This study extends prior research by examining a fairly common sequence of business events: numeric outcome information is produced and reviewed, decisions are influenced by this information, and the process repeats (i.e., a feedback loop occurs). We find that incentivized decision makers exhibit substantial decision improvement after only one iteration of summary outcome feedback. In contrast, other between-subjects groups fail to improve performance across iterations of Luft and Shields' (2001) forecasting task. Our results suggest that financial incentives and outcome feedback are both critical to performance improvement in relatively complex iterative tasks. When either incentives or feedback is absent, performance suffers. While prior research has found outcome feedback relatively ineffective at improving complex task performance, our results indicate that outcome feedback and incentives complement each other to improve performance. We believe exploring the interaction of incentives and feedback offers interesting avenues for future accounting research.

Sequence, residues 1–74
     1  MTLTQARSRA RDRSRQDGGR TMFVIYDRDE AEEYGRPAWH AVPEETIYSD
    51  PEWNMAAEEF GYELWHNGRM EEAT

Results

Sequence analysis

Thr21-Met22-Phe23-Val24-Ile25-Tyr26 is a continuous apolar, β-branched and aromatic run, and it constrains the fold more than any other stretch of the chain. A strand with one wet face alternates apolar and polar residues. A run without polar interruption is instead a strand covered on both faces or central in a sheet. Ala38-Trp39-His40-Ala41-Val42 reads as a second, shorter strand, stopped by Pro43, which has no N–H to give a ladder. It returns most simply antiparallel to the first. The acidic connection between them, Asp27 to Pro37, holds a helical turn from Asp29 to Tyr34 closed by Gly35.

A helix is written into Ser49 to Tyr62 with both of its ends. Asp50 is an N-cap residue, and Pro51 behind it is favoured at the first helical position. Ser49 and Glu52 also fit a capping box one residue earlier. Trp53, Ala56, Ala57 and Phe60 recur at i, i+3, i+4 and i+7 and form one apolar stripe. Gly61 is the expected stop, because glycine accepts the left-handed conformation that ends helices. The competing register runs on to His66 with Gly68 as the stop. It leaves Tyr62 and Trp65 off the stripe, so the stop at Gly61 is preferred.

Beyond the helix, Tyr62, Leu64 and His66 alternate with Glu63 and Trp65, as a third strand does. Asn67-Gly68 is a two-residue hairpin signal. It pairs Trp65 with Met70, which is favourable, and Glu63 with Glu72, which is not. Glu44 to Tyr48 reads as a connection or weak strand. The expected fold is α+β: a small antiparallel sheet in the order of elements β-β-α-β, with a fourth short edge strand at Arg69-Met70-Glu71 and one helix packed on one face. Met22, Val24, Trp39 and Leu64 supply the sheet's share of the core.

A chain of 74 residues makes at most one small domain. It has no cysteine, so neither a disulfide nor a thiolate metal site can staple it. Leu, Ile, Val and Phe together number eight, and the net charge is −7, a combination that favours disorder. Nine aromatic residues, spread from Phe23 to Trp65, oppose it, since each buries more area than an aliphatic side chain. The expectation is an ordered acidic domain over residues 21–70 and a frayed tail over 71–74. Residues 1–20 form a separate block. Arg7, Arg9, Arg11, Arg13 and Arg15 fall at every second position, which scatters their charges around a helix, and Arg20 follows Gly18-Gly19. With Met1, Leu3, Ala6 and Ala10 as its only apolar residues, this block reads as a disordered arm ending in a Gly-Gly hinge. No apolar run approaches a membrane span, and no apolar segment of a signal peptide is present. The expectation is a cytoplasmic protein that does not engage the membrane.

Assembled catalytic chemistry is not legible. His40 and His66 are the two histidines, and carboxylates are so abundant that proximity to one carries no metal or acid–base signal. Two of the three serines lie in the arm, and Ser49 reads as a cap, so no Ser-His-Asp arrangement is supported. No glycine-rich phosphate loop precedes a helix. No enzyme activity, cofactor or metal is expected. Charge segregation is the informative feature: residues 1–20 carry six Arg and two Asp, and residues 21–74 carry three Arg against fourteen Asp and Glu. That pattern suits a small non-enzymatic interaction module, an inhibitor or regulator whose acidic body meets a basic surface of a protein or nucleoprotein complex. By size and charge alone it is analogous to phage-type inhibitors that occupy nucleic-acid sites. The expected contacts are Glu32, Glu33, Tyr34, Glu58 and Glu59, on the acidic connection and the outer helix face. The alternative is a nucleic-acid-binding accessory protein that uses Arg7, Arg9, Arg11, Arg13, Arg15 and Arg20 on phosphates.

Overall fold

Data Availability: Study data are available from the authors upon request.

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